We Decorated Wreaths And Talked "A Series Of Unfortunate Events" With Neil Patrick Harris
It's been more than two years since Netflix announced they'd be taking on an adaptation of Lemony Snicket's A Series of Unfortunate Events. We've been waiting on the edge of our metaphorical seats ever since, and our excitement only intensified when, back in March, it was confirmed that Broadway-and-Hollywood superstar Neil Patrick Harris would be taking on the role of the nefarious Count Olaf.
Now it's less than a month to go until the series hits our small screens, and Netflix has kept the details a relative mystery. So when BuzzFeed got the chance to meet Neil himself, we were determined to find out a little bit more. And, because it's that time of year, we also had fun decorating some pretty unfortunate wreaths. Because why not?
Neil Patrick Harris: Tip number one: Get a glue gun. You’ll find out soon why. My second tip is to make sure that the table you’re using is higher than this one, because right now it’s just… It’s a lot of balls.
How long did it take you to transform into Count Olaf?
NPH: The makeup took about two and a half hours every morning. The meditation was another hour and a half. I would eat a big breakfast – that was probably 45 minutes. And then it was lunch.
I’m assuming you don’t have a lot in common with your character personality-wise, so how did you prepare to play a villain?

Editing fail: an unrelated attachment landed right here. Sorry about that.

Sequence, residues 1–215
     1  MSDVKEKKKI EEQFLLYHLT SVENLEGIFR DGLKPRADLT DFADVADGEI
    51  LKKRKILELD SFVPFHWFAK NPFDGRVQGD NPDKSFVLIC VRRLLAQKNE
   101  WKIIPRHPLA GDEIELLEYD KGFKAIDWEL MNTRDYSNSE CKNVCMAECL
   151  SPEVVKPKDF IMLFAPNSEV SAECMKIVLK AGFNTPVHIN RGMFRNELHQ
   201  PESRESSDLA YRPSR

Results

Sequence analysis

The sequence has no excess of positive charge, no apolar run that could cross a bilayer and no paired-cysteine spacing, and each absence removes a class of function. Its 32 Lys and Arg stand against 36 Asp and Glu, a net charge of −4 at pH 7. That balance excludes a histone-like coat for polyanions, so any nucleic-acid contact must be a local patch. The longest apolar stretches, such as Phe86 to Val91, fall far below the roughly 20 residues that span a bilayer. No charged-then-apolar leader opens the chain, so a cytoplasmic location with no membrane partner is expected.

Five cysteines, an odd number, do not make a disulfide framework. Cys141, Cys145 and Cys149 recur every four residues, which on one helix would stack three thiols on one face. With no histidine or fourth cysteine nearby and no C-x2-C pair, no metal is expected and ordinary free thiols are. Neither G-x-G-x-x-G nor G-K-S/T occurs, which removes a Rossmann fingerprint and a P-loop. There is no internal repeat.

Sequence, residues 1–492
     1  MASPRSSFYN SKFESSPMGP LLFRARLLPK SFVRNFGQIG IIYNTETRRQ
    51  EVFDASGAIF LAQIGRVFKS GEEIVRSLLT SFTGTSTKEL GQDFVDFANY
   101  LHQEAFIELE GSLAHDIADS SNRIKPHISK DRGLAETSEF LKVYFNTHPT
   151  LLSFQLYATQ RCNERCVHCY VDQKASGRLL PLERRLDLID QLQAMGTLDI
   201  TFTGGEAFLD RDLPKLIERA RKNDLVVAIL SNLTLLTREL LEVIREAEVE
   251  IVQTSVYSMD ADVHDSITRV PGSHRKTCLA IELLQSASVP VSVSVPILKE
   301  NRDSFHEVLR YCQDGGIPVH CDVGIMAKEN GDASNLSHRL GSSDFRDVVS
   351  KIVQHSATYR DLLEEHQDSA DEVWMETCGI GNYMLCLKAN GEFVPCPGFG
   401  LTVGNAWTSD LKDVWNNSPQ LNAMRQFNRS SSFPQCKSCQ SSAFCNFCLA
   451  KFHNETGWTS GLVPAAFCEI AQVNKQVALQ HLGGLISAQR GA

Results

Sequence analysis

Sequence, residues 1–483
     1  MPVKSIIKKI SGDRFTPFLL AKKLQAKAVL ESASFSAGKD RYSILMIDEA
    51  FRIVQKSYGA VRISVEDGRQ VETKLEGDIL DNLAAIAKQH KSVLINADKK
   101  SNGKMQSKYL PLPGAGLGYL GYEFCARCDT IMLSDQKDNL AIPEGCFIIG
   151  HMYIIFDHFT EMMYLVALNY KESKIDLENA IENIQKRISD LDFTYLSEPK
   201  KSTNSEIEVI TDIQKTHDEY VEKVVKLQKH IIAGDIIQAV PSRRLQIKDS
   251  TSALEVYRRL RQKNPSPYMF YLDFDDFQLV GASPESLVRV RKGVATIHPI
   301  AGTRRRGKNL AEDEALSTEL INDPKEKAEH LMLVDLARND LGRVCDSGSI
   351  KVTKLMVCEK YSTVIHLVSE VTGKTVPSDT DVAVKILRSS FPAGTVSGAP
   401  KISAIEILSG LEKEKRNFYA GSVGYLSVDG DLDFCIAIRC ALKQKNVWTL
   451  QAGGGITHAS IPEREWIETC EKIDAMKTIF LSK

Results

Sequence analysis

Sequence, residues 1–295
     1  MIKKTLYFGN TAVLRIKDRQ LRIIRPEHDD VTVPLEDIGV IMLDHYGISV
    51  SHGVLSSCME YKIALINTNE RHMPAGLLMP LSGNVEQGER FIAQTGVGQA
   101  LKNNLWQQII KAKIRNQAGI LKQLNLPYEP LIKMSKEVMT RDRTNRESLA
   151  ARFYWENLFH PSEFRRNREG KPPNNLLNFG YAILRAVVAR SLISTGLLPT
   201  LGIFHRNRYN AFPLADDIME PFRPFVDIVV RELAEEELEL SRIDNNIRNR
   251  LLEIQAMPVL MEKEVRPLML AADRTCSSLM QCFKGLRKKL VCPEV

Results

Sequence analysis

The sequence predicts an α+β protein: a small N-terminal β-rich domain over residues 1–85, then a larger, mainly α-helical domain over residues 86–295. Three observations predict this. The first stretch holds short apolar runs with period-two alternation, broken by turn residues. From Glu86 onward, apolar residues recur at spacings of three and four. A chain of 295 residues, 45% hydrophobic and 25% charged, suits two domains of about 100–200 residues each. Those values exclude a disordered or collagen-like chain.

NPH: Playing a villain was fun, only because you get to do all the things you wouldn’t normally do in your real life. You get to spend time growling at children, reprimanding people, barking at people on set. Saying, “Where’s my coffee? Where’s my coffee?!”
And I mostly didn’t mean it. I was mostly doing it out of jest.
And what was the biggest challenge you faced?
NPH: The hardest part of playing the villain was the prosthetics, because I couldn’t really move my face as much as I wanted to, and yet I had to move my face a lot. If I moved my face in certain ways the prosthetics would come apart, so I could do a lot of eyebrow acting, but I couldn’t do a lot of nose lifting, or the corners of the nose would pop out.
What was your favourite part of the costume?
NPH: I like Olaf’s wardrobe, because the whole thing seems like it should be a period piece in many ways, and yet the date is non-specific. So I would wear cloaks and jackets, but also turtlenecks. I was a little beatnik, and kind of hipster in that way. It was Olaf by way of Brooklyn.
Did you feel pressure coming into a project that had so much anticipation behind it?
NPH: There’d been a movie based on this before, and that was, I guess, a little bit of pressure. At the same time, that movie told four books in two hours, and we have two hours per book. So we have eight hours to tell four books, and if people watch we’ll get to tell more of them. There’s only thirteen books, so there’s only going to be two more seasons, but that allows for a lot of time to be in character and to maintain character.
What was your favourite scene to film?
NPH: I did enjoy singing the song, called “The Count”, which is Count Olaf’s big song that he sings to the kids when they first arrive with his henchpeople. He wrote it himself, and he thinks he’s really, really talented, and it’s a terrible song. So we had to learn intentionally bad choreography… We did these almost Lady Gaga-ish kind of movements, which were just awful, but that made me laugh.